It is, perhaps, the worst-kept secret in Washington that United States President Donald Trump will later this week announce that America is about to enter a new era of confrontation with Iran. The president will herald his new approach by announcing that he is not prepared to certify that Iran is complying with the nuclear deal it had agreed to in 2015 with six world powers, including Britain and the US, which was supposed to end decades of hostility over the ayatollahs’ obsession with developing nuclear weapons.
The decertification process, to use the technical term, should not come as a surprise, given that Trump has made plain his contempt for an agreement he calls “the worst deal ever”. Nor will the president’s decision be without controversy, not least because the International Atomic Energy Agency, the United Nations-sponsored body responsible for monitoring the deal, reports that Iran is, technically, complying with the terms of the deal. Consequently, as William Hague warned in The Daily Telegraph, Trump’s stance is likely to cause friction with other signatories, such as Britain, which believes the deal should remain in place.
But to understand why the president is so determined to adopt a more confrontational stance with Iran, it is important to look beyond the narrow confines of the nuclear deal, and at the malign influence Tehran continues to exercise throughout the Middle East.
The root of Trump’s ire with Iran, and that of many other Republicans, is that, while the ayatollahs may have complied with the letter of the nuclear deal, they have made little effort to embrace the spirit of cooperation and constructive engagement with the West that the agreement was supposed to engender. On the contrary, the deal seems to have given Iran’s Revolutionary Guards — the storm-troopers of the country’s Islamic revolution — a new lease of life.
Instead of defusing regional tensions, the Iranians have simply used the billions of dollars of largesse they have received from the lifting of sanctions to intensify their efforts to cause yet more regional mayhem.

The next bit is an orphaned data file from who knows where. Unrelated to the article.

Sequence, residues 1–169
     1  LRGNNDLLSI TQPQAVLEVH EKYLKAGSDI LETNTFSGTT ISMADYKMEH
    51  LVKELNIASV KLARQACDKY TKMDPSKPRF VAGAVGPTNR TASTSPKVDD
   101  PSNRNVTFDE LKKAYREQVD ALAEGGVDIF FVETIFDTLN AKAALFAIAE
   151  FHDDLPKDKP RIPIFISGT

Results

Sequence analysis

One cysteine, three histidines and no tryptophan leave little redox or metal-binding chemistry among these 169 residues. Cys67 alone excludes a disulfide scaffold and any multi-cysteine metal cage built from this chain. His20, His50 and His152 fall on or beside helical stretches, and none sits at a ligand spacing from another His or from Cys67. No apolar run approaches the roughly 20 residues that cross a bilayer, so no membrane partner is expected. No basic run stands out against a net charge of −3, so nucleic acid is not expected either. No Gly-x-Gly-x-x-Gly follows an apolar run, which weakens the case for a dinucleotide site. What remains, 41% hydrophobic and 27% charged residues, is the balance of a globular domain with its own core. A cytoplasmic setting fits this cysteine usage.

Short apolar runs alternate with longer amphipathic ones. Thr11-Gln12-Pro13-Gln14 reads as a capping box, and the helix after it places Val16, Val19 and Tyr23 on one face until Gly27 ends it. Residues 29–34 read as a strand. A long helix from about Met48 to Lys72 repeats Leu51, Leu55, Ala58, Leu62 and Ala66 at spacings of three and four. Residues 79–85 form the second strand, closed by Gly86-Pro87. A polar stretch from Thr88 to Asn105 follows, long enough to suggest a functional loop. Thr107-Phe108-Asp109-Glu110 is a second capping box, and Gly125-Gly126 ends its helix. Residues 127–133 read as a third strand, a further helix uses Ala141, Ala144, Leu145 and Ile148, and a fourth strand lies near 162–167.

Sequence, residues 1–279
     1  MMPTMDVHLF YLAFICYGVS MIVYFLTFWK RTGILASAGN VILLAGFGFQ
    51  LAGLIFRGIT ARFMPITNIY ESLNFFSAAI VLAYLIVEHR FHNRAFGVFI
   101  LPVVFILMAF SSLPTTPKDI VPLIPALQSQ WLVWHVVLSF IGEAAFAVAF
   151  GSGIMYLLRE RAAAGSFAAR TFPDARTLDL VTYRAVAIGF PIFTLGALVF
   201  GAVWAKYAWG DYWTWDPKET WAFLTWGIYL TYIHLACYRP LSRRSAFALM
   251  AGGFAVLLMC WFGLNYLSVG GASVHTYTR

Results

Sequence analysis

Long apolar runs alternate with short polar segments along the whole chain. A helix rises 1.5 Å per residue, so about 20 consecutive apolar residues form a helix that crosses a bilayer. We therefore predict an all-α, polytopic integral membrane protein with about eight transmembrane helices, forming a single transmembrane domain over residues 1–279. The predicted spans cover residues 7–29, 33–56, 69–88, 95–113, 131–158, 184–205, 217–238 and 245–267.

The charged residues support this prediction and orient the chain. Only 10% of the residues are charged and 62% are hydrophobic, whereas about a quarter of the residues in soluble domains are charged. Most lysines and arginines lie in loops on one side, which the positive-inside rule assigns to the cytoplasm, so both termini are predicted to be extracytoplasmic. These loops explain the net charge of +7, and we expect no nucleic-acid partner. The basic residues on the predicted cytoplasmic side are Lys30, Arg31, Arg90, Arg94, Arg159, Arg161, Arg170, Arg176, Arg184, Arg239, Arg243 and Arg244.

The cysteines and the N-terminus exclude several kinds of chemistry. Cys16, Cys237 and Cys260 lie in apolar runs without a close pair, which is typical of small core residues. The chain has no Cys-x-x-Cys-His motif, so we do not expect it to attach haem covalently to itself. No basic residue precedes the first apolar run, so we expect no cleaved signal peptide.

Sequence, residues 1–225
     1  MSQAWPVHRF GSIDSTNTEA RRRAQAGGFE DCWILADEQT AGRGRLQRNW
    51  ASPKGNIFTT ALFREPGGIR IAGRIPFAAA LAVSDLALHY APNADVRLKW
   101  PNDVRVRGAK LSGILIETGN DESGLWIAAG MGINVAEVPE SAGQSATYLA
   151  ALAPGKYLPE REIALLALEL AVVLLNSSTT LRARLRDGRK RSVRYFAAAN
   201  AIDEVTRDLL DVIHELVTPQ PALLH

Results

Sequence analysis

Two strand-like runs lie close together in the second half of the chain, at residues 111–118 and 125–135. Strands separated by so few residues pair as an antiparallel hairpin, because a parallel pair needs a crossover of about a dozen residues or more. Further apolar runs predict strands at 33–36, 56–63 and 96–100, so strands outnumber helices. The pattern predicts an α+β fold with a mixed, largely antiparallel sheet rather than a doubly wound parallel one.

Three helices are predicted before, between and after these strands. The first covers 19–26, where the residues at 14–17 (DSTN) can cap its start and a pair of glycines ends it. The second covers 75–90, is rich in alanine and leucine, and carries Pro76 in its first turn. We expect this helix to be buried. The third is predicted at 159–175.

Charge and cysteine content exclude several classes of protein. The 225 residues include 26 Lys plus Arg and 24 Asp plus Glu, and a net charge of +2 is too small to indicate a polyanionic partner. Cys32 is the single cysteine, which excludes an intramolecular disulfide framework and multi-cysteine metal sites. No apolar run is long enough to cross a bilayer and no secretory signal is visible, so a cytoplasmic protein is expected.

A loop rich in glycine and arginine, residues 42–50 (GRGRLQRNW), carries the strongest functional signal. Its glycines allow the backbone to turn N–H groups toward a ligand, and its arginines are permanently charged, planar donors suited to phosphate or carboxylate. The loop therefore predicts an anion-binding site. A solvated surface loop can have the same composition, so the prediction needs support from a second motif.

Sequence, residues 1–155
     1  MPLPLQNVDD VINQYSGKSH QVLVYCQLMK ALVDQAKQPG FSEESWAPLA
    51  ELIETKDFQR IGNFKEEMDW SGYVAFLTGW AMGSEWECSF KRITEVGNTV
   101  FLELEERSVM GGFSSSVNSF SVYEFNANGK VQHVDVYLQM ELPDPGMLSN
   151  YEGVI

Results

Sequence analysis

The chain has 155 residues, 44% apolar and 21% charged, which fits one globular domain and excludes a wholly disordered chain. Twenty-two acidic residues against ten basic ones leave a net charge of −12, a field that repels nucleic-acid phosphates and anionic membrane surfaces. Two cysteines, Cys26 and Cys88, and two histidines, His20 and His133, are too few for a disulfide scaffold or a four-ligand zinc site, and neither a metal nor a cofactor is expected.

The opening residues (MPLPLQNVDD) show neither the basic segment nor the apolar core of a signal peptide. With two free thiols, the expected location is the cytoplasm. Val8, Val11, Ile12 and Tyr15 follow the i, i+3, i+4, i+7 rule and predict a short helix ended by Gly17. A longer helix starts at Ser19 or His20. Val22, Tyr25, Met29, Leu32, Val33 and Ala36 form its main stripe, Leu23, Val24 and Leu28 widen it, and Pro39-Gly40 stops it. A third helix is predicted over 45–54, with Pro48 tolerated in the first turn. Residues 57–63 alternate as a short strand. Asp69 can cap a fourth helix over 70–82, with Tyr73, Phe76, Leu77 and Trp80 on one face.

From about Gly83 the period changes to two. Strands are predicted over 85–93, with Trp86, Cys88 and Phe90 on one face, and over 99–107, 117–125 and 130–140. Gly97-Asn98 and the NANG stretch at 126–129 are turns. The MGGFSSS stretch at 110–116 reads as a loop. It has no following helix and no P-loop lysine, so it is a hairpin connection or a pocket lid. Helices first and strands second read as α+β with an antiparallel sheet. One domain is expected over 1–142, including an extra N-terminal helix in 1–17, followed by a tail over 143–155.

These days, the Russians get all the credit for turning the tide of the Syrian conflict, thereby allowing the detestable regime of Bashar Al Assad to claim victory. But none of this would have happened had it not been for the dramatic intervention of Qasim Sulaimani, the Revolutionary Guards commander who, when Al Assad was staring into the abyss of certain defeat in the summer of 2014, flew to Moscow and persuaded Russian President Vladimir Putin to launch his game-changing military intervention. Iran’s success in turning the tables in Syria has also resulted in Tehran increasing its support for Hezbollah in southern Lebanon.
Further afield, Iranian agents have been active in trying to undermine pro-western states such as Bahrain and Saudi Arabia. The malevolent hand of Iran is also to be found in Yemen, where the continuous shipment of weapons by the Revolutionary Guards to anti-government Al Houthi militias has been a significant factor in that hapless country’s descent into chaos. Iran’s contribution to the conflict is one of the reasons the World Health Organisation estimates that more than a quarter of Yemeni children under five are at risk of contracting cholera.
To this roll-call of shame must be added Iran’s continued meddling in Iraq, through which it still entertains ambitions of building a superhighway of influence that stretches from Tehran to the eastern Mediterranean.
None of this activity can in any way be deemed useful to western interests. Iran’s persistent aggression against key US allies such as Saudi Arabia and the Gulf states is simply a recipe for further political instability.
Trump’s decision to decertify Iran over the nuclear deal must therefore be seen in the context of Iran’s continued hostility towards the US and its allies. If Iran were really serious about initiating a new chapter in its relations with the West, then it would be doing a lot more than merely observing the technical details of the nuclear deal.
The impending escalation in tensions between Washington and Tehran should also serve as a wake-up call to those British policymakers, particularly in the Foreign Office, who still believe that Britain’s long-term interests would be better served by tilting towards Tehran than standing by our traditional allies in the Gulf. The fallacy of this proposition is evident in Tehran’s appalling treatment of Nazanin Zaghari-Ratcliffe, the British charity worker who has been jailed for five years on trumped-up spying charges, and now faces a further 16 years in prison after the Iranian authorities this week said she was to face fresh charges.
This is not the conduct of a government that is serious about improving relations with the outside world. It is the behaviour of a regime that, with or without nuclear weapons, remains deeply hostile to the West and its allies.
— The Telegraph Group Limited, London, 2017